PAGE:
About “Plaza de España” I had a very particular memory of a photo taken there with which I have always been satisfied. The colors of the lawn and the composition with the background of the monument to Cervantes and the statue of Don Quijote de La Mancha, I was exceptionally successful for the limited skills I had at the time. In addition to this, I had good memories of the square because when I visited it it was a moment of relaxation for us that I still have a clear memory of that today. Obviously returning to “Plaza de España”, first of all I wanted to redo the same photo that I loved so much. While I was there shooting I immediately perceived that the result was not and would not be the same but I kept this thought to myself. Subsequently I understood that every time I collide with a different reality which in this specific case was a totally different flowering of the meadow and the flowers. The fact that I didn't get the photo I wanted didn't put me in a bad mood, moreover it was fate that I couldn't take perfect photos because the large "Edificio España" was covered with scaffolding and a big billboard. They were details that led me more to enjoy a walk in the square rather than looking for the perfect photo. In general, the square was as I had left it, however a few years ago I read that "Plaza de España" underwent a total renovation to allow for more efficient traffic circulation for cars. This has led to the elimination of a lot of greenery in favor of many concrete parts. I remember that many were against this choice and even I, seeing the renders, did not agree with that change. After that event I refused to check news on those works, not if they were completed and I didn't want to look at the photos of the square as it is today. When I come back to Madrid I will go to see the new “Plaza de España” and I will experience the reactions live and not through a photo.
Although very popular, the “Gran Vía” was one of those places that never particularly impressed me. Although it was full of activities and people, with very beautiful and perfectly restored buildings, I personally never had a special feeling. Probably the fact that was sloping and heavily trafficked by cars has never made it remain in my heart. Normally in 2018 I only frequented it near "Plaza del Callao", where there was the popular "Schweppes" sign above the triangular building. I liked that part a lot and I always liked to reach it by going along "Calle de Preciados" going back and forth from Sol. The other interesting part of the "Gran Vía" was the final one, where the "Metropolis" building stood, another beautiful landmark building of Madrid, triangular in shape with the famous statue on the dome. During the 2018 visit, having reached the place from the street opposite the building, I was able to notice another building that I missed during my first time in Madrid. In fact, it was so large and complex from an architectural point of view that it was not noticeable when I walked by. It was the building that housed the "Instituto Cervantes", a place that today has a purely cultural function. The palace had a very particular design; the two sides of the building were formed by very high columns that took up several floors, the sides were rounded off by the entrance placed across, formed by a very high door with two equally large statues on the sides. Probably today I would have dedicated even more photos to that building and also to another Art Deco-style building that was next to it and that I noticed only casually in 2018.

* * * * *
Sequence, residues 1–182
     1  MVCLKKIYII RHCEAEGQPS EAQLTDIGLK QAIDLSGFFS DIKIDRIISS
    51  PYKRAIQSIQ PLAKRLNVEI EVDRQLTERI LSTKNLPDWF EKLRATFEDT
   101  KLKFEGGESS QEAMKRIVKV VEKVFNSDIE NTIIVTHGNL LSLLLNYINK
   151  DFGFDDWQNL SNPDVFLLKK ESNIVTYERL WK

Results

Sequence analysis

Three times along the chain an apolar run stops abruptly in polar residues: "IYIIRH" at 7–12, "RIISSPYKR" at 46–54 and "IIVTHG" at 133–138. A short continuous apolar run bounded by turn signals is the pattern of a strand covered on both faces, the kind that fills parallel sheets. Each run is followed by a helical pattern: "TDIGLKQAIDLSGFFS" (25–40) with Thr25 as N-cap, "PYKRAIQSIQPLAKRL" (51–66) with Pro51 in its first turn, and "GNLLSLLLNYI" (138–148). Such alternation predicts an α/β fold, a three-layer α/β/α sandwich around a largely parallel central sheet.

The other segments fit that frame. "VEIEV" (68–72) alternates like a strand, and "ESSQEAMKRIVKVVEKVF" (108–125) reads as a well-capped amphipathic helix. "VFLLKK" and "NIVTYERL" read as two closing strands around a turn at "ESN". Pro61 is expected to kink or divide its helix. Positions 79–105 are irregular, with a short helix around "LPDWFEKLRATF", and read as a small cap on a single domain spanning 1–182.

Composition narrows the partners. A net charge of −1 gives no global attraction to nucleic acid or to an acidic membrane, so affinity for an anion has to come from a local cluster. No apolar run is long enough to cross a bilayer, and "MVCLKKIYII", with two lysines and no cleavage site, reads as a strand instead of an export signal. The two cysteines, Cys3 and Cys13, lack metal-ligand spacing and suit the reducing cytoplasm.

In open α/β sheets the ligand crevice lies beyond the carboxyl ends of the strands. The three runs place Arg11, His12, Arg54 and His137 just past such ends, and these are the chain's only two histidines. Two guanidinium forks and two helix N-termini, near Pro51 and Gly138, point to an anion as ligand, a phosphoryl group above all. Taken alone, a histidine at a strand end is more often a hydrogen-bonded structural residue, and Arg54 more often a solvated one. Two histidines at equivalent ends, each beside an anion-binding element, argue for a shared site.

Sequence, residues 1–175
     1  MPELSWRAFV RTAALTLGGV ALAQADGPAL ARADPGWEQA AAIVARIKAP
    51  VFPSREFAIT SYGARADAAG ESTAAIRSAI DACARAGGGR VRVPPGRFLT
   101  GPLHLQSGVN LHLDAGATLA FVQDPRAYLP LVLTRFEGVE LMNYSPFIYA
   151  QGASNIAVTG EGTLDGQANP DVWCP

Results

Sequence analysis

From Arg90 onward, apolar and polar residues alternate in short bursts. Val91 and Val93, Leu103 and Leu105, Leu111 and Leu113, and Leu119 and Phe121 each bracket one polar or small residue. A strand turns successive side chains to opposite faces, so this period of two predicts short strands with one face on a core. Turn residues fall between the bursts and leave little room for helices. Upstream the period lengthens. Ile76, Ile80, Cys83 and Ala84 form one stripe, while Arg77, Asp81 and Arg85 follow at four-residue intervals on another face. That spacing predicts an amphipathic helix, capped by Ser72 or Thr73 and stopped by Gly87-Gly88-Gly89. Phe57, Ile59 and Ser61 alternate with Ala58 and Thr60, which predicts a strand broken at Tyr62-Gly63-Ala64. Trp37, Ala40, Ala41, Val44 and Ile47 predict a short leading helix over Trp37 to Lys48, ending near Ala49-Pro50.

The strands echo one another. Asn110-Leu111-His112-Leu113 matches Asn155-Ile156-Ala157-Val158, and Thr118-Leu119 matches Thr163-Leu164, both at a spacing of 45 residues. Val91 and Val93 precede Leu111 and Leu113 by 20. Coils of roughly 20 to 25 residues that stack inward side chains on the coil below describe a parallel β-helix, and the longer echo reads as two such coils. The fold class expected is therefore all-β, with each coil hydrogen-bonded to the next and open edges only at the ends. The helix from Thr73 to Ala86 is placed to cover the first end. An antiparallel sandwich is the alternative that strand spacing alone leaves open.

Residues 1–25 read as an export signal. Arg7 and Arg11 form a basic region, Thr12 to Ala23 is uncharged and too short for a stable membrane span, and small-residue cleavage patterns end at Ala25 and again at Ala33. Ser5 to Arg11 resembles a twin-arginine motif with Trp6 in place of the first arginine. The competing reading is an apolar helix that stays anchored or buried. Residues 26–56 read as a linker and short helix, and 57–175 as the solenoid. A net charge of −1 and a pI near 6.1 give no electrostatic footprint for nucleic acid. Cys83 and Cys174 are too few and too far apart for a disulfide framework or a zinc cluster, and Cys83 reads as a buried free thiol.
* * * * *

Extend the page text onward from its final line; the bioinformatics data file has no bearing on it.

A little further on from these splendid buildings was the "Fuente de Cibles", the symbolic statue of Madrid which depicted the goddess Cybele on a cart pulled by lions. This fountain also had a nice visual impact given its location in the middle of a large road junction. In the background of the “Fuente de Cibles” was the “Palacio de Cibles” another beautifully designed building that broke the corners of the entire structure. Unfortunately in 2018 this building was also covered by scaffolding because it was undergoing restoration, that year I didn't have much luck photographing the beautiful buildings in Madrid.
Parque de El Retiro
“Parque del El Retiro” was the largest and most important park in Madrid. Its construction dates back to around the middle of the eighteenth century and within this huge area there were many other monuments and places of interest. The park was one of the places I hadn't visited in 2008 and honestly I don't even remember why I hadn't put it in the things to see. Before arriving at the park, we stopped at the nearby "Puerta de Alcalá", another symbol of Madrid. This gateway to the city was built at the behest of King Charles III in the mid-1700s to replace another monument having the same function. Puerta de Alcalá with its three arches and decorations has always fascinated me, I've always found it harmonious except for the road and the cars that drive around it. Even if I managed to take some photos avoiding the cars, I would still see around the gate maybe a square and greener rather than the asphalt and the cars.
The park was large, and its beauties within were in proportion to it. For example, the round fountains were decidedly large as were the paths that wound inside. The apex of this greatness was represented by the large rectangular pond, in fact a large lake where people could "navigate" by renting small rowing boats. From the pond there was a beautiful view of the monument to Alfonso XII. This was a huge semicircle colonnade, with the statue of a man on horseback placed on a taller central structure. The monument was very beautiful and linear, we only saw it from the edge of the pond but not up close. This is because the monument had to be reached along a road that was not on the same road as the place of interest we wanted to visit. In other words, there was not enough time and I must say that I regretted not having seen the monument to Alfonso XII up close to admire its details.